AVC: There have often been connections between your films and classical literature, samurai traditions, and other films. Do you typically work backward to integrate those elements? Or do you look for a way to contemporize those classic archetypes?
WH: Well, my process almost always begins with the characters, and then I try to figure out a narrative to involve the characters—and then you hope you discover the thematic underpinnings as you are making it all flow together. This screenplay began with me reading about a man named Chris Madsen. Chris Madsen was a real person in the history of the West. He was actually born in Denmark. He fought for the Danish army in the Prussian War. He then joined the French Foreign Legion. He then immigrated to America. He scouted in the West for the Army. He became a lawman and a bounty man. And I thought, that’s an interesting kind of character. We do think of the bounty hunter as the kind of classic, Anglo-American type. And I thought, the real truth is that the West was heavily populated by immigrants. And I thought it would be interesting and kind of contemporarily relevant to have your protagonist be an immigrant figure playing a traditional, heroic role. Christoph immediately spotted the classical overtones that we were talking about, or, shall we say, Homeric origins. And I said, “Yeah, but you’re playing Odysseus, not Achilles.” And he understood that perfectly. So you spin it out, and you’re so involved in the process when you’re writing that the overview that you described of what your plan is gets lost, because you’re immersed in it and then hopefully you arrive someplace with it.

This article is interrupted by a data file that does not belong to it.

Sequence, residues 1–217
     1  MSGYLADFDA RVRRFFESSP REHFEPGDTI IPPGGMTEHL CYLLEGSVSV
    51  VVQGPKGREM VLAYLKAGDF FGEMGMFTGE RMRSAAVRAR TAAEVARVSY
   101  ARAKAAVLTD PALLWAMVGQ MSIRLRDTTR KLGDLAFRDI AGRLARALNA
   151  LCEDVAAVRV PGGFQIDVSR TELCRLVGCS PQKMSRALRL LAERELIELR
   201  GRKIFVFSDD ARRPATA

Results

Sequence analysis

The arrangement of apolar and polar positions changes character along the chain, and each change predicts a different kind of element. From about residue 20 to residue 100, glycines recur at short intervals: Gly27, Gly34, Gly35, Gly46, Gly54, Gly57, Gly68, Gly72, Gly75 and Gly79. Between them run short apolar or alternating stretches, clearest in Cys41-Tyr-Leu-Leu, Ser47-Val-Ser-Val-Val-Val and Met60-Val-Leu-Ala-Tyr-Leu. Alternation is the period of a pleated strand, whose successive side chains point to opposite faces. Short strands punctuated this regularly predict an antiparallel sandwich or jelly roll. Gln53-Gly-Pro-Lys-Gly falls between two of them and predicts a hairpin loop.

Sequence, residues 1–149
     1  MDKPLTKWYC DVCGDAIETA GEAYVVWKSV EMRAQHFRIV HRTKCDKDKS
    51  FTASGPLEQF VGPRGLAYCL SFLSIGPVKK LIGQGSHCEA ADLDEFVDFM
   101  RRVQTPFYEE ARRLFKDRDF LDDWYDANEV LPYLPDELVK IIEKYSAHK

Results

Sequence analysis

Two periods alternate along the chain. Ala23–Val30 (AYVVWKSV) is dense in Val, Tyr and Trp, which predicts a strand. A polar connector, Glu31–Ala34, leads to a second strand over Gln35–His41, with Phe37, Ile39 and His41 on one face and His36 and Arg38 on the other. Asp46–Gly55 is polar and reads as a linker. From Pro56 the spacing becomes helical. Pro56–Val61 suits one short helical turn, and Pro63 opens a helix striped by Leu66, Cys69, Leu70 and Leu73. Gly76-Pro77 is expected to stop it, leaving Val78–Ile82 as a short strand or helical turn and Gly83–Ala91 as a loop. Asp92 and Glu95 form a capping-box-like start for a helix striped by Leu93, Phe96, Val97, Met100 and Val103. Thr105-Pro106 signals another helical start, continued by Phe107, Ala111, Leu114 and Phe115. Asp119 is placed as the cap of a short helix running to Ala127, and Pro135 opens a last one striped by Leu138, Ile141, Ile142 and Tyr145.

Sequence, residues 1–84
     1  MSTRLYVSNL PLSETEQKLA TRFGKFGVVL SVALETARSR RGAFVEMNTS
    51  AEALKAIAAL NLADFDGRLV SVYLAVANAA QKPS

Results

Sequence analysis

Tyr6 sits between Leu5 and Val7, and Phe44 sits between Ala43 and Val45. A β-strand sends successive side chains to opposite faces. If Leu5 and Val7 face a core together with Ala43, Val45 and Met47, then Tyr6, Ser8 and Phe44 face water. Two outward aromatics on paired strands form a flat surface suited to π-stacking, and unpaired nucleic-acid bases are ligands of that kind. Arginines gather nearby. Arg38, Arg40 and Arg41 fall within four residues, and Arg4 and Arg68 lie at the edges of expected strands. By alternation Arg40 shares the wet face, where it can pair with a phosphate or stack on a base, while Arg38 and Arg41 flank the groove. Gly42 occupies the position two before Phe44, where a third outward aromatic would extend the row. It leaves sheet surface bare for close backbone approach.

AVC: There’s a spartan quality to your writing and your storytelling that I love so much. You put it all on screen, but let the audience uncover and question it. How difficult was it to develop that sense of what needs to go in and what doesn’t?
WH: Well, I’ve always been very attracted to the concept of mystery of character. I think this idea that we understand ourselves because we understand how we grew up or something like that, it would be nice if it were so. But it just doesn’t work that way. And I think dramatically, mystery of character can be much more compelling than filling in every possible blank. And it also gives the actor room to interpret in a broader way, I believe. I mean, you have to have certain fundamental information about the character, but I don’t like to be overly specific. I kind of was, for reasons that I suppose are obvious, in the scene with the big speech with Rachel. She was trying to seduce Max to her side of the situation. She understood that she needed an ally and that he was a very serious opponent. And for her to get her way, she needed to get him on her side. And indeed he was moved by her story—he’s very stoic, but it was part of the process of breaking his own code and not fulfilling his own contract with her husband.